It may here be well to lay before the reader some account of the present state of opinions amongst medical men, with respect to that severe form of Yellow Fever, which within the last three-and-twenty years has attracted so large a share of attention, in consequence of its dreadful fatality in the West Indies, in the United States of America, and on the southern shores of Europe. First in order are those who, following Dr. Chisholm, believe this fever to be contagious in its origin and progress, and, from the place whence it is supposed to have been imported, distinguish it by the appellation of Bulam fever. One of the latest writers of this party is Dr. Pym, who announces his discovery that the disease affects a person but once in the course of his life. Next to these are such as, denying the fever in question to originate from contagion, or under any circumstances to become contagious, affirm that it is merely the endemic of hot countries in its most aggravated form. Among the later writers of this class, Dr. Bancroft is the most eminent; with exemplary diligence he has collected and arranged a multitude of facts to prove, and, to the complete satisfaction of numbers, has proved, that the Yellow
Fever in all its degrees has but one source, and that this source is marsh miasma. Let not any one however imagine as Mr. Doughty and others have done, that by marsh miasmata, the doctor means to express only the effluvia of actual marshes; he uses it as a general term for the purpose of designating those exhalations arising from the earth, even on high grounds, and especially in clayey soils, under the combined influence of heat and moisture, and which appear capable of producing fevers of the most fatal de. scription. An ingenious hypothesis concerning the nature of these exhalations was advanced by Dr. Jackson, in his work on fever, and the author now belore us seems disposed to concur with him in opinion. He thought that the cause of endemic fevers is fundamentally the same with the cause or principle of vegetation; since such fevers are most prevalent in situations where vegetation is luxuriant, or at least where the requisites of a luxuriant vegetation greatly abound; as in warm climates, valleys, and plains, near the coasts of the sea, near the swampy and cozy banks and mouths of rivers; in which situations, if vegetation be not luxuriant and healthy, there will be an excess of the principle of vegetation, which may be a cause of disease in animal bodies exposed to its influence. Hence may be ex. plained the effect of seasons upon endemic fevers, which are more frequent in spring, and particularly in autumn than during the other portions of the year.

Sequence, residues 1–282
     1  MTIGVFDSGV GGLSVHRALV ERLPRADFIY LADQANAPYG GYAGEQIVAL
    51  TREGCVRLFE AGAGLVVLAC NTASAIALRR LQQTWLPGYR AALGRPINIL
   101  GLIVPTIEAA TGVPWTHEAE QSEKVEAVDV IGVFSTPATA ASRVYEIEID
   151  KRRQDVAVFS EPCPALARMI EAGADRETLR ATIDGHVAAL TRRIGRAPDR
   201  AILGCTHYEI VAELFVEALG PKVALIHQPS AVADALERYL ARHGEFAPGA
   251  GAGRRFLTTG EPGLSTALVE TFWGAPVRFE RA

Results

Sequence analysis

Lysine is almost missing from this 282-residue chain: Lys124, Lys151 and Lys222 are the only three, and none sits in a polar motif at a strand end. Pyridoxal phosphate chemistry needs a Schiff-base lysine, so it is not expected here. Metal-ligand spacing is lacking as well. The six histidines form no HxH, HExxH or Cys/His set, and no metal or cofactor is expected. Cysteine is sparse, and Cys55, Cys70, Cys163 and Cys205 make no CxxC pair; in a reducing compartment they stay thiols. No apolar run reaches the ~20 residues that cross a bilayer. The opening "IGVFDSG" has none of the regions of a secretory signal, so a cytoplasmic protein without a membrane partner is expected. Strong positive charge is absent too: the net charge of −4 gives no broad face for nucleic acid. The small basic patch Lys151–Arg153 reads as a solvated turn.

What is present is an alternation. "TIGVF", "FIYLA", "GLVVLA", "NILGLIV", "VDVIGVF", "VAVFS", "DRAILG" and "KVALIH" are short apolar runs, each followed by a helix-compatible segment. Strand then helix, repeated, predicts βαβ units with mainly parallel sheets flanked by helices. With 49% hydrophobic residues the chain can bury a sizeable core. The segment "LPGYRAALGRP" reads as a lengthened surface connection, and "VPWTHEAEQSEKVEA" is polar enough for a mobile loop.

“ In spring,” says Dr. J., 6 the principle of vegetation is extricated in great quantity, while the capacities of plants are still small; an excess is consequently generated, and this excess extends its influence to a certain distance around. In summer the extrication of the principle stilt increases, but the capacities of plants being extended in a greater proportion, the means are more adequate, and the excess is actually less. In autumn, the growth of plants being completed, while causes still continue to produce a great extrication of the principle of vegetation, the excess abounds, and occupies a wider circle."